Your competition is likely using or testing generative AI (GenAI), according to insightful new research from Boston Consulting Group. To keep pace with change, seize opportunities to capitalize on the possibilities of GenAI, urge the survey authors. GenAI can help you better serve customers and achieve your business goals, while radically redefining marketing’s role. Learn how to start incorporating GenAI into your marketing team’s core functions, and why most CMOs are so optimistic about GenAI’s disruptive potential.
- Leverage the potential of generative AI with foresight and coordination.
- Inspire innovation, boost efficiency and engage customers with four key steps.
- GenAI is already disrupting personalization, content creation and segmentation.
Leverage the potential of generative AI with foresight and coordination.
According to a 2023 Boston Consulting Group survey, CMOs worldwide feel confident and optimistic about the potential for generative AI (GenAI) to create competitive advantage and enhance productivity for brands in the future. They see opportunities emerging to better implement business models and launch products, and they’re dialing up baseline standards for speed, quality and efficiency. Your competition may already be using GenAI, with 70% of survey respondents reporting that their organization already uses it, while just under 20% report testing it.
“The speed at which companies derive benefits from GenAI tools can quickly create haves and have-nots in an industry.”
Most CMOs immediately see positive results when introducing GenAI – fully 93% report a “positive or very positive improvement in how they organize their work,” while 91% report the same impact on efficiency. GenAI has the potential to help CMOs navigate multiple operational tasks with more speed and efficiency and less risk, while reducing the amount of time that workers dedicate to tedious tasks.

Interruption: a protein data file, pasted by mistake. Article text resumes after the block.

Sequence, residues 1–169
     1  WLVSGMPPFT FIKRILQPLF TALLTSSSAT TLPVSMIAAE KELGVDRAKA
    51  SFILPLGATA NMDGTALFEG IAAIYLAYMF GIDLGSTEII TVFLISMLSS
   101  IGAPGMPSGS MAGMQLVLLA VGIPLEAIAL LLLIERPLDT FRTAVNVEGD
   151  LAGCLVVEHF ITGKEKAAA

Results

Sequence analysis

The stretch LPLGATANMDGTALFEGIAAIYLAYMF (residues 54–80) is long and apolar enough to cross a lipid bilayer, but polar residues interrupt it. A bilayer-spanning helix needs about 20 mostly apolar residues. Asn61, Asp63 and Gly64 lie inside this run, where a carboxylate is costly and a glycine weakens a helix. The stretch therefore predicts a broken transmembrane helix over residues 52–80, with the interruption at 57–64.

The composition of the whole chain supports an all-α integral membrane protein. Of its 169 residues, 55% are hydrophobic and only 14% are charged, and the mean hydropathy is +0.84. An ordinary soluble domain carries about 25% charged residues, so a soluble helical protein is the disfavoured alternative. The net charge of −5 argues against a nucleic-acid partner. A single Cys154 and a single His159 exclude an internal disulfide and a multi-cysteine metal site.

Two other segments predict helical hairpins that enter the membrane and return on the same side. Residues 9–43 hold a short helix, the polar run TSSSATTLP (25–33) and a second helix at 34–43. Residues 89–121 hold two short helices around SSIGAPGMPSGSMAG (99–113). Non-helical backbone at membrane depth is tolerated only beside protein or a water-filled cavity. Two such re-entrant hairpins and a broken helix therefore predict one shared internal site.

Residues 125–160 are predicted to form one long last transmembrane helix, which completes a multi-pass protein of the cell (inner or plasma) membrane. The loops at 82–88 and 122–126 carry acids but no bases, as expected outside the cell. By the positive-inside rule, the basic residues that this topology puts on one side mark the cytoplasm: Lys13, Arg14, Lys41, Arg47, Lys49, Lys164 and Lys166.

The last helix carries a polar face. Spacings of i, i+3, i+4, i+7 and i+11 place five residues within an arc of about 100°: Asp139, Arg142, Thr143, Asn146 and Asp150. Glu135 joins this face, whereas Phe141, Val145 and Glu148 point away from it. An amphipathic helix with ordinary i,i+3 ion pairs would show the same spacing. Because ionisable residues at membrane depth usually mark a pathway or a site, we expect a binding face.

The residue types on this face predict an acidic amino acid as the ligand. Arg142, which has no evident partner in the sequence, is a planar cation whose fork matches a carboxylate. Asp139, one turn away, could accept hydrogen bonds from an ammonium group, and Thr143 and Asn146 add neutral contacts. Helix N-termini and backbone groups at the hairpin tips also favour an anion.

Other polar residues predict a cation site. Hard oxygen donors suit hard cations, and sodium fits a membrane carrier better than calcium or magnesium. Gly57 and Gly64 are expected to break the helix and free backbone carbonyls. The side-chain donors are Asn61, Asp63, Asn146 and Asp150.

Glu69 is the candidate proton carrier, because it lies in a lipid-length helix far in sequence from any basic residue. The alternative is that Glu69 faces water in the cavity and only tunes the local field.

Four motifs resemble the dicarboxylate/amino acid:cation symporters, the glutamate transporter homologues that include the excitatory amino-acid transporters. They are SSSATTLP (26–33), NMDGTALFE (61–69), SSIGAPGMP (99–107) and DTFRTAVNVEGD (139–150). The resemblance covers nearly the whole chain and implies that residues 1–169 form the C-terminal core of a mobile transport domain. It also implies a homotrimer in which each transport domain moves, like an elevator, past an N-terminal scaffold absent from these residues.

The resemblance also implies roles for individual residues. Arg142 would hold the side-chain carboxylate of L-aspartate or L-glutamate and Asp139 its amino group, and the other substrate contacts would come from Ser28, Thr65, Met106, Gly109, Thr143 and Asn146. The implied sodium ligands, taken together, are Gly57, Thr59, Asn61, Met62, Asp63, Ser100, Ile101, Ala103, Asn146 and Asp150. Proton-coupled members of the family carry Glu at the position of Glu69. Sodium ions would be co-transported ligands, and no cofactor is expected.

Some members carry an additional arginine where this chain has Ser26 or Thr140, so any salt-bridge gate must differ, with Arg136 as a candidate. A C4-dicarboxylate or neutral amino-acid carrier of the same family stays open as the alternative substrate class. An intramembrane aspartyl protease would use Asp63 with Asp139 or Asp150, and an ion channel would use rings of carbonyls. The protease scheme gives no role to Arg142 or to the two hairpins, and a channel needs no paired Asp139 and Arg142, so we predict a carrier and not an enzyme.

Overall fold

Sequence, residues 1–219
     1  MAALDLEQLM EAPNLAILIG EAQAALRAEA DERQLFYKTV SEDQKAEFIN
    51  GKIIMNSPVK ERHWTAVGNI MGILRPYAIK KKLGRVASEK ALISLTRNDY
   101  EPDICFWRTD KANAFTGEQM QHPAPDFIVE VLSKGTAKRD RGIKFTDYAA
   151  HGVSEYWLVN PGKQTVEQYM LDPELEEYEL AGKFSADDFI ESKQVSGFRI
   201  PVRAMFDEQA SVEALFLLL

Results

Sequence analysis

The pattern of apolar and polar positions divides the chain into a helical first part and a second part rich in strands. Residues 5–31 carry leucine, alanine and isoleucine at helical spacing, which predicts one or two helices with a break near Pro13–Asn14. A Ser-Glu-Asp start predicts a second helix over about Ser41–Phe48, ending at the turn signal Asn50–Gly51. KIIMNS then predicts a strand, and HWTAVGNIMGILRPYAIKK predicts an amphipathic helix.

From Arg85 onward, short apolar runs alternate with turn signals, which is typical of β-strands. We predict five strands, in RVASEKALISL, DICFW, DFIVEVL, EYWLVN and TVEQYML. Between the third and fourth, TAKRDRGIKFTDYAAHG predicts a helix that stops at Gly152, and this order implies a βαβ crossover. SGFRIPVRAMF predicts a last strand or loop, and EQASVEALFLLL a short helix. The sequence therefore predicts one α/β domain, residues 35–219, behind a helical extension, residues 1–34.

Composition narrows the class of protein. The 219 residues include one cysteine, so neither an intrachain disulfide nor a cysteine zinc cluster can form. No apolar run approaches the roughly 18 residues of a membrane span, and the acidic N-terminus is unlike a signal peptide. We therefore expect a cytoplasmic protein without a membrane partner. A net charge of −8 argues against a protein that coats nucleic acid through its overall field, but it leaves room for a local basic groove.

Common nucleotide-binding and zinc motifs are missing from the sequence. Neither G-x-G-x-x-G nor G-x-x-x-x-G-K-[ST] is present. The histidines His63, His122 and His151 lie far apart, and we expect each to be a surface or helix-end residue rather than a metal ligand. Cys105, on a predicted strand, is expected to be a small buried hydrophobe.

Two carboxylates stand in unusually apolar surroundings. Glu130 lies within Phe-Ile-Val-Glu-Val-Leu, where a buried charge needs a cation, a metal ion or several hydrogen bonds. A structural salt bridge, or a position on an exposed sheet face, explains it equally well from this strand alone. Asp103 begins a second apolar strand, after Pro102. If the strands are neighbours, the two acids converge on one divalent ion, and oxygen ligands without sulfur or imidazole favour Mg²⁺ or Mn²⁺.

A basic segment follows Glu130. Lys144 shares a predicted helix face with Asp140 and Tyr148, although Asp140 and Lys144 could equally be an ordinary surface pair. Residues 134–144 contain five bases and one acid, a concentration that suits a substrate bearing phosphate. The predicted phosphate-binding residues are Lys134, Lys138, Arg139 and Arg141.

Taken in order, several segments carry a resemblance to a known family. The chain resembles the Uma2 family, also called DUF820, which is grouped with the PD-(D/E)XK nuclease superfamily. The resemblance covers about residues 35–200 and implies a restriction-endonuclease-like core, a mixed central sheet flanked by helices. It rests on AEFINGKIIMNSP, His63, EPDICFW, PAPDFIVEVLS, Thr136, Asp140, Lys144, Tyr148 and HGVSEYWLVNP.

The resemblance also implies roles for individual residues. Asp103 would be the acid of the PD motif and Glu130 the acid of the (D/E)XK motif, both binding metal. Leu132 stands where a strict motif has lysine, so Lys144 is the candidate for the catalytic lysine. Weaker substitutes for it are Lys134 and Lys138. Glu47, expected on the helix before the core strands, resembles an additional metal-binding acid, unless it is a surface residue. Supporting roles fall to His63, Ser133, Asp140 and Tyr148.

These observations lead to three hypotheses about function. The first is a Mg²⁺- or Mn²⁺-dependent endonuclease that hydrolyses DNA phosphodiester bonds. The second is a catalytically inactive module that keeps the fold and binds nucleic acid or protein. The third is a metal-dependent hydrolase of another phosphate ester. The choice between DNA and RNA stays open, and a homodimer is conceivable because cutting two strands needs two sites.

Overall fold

Inspire innovation, boost efficiency and engage customers with four key steps.
Take the following steps to harness the potential of GenAI:
- Experiment – Explore the capabilities of GenAI, inspiring teams to identify new applications, experiment and build transformative use cases. You may benefit from working in cross-functional, agile pods.
- Seek “game-changing outcomes” – Identify opportunities to use your IP assets and core data in ways that give you a unique, competitive edge.
- Develop a working model – Find the large language models (LLM) and providers that will enable you to boost process efficiency, inspire innovation and creativity, engage customers and create new forms of value.
- Establish a responsible AI framework – Develop and operate AI systems in alignment with accepted ethics frameworks and your organizational values.
GenAI is already disrupting personalization, content creation and segmentation.
CMOs are exploring the uses of GenAI in the following ways:
- Personalization – The majority of survey respondents (67%) report using GenAI to connect with customers in a personalized manner (for example, sharing individualized recommendations to shoppers to inspire them to buy more).
- Content creation – Nearly half of CMOs are already using GenAI to generate content, which may entail creating drafts or exploring ideas.
- Market segmentation – Fully 41% of CMOs use GenAI to target consumers more precisely, using it to assist in customer segmentation.
“GenAI captures people’s imagination, because it is a breakthrough technology – the ability to converse with computers – that people have anticipated for decades.”
CMOs report feeling “confidence,” “curiosity” and “optimism” about the potential of GenAI, more than they do negative sentiments, such as “worry” or “anxiety.” This optimism is shared across cultures, with every sector and country surveyed demonstrating similar results. Just as search engine and online platform technologies disrupted business models three decades ago, unleashing creativity, GenAI will similarly disrupt the world of marketing itself.
About the Authors
David Ratajczak, Matthew Kropp, Silvio Palumbo, Nicolas de Bellefonds, Jessica Apotheker, Sarah Willersdorf and Giorgo Paizanis are professionals with the Boston Consulting Group.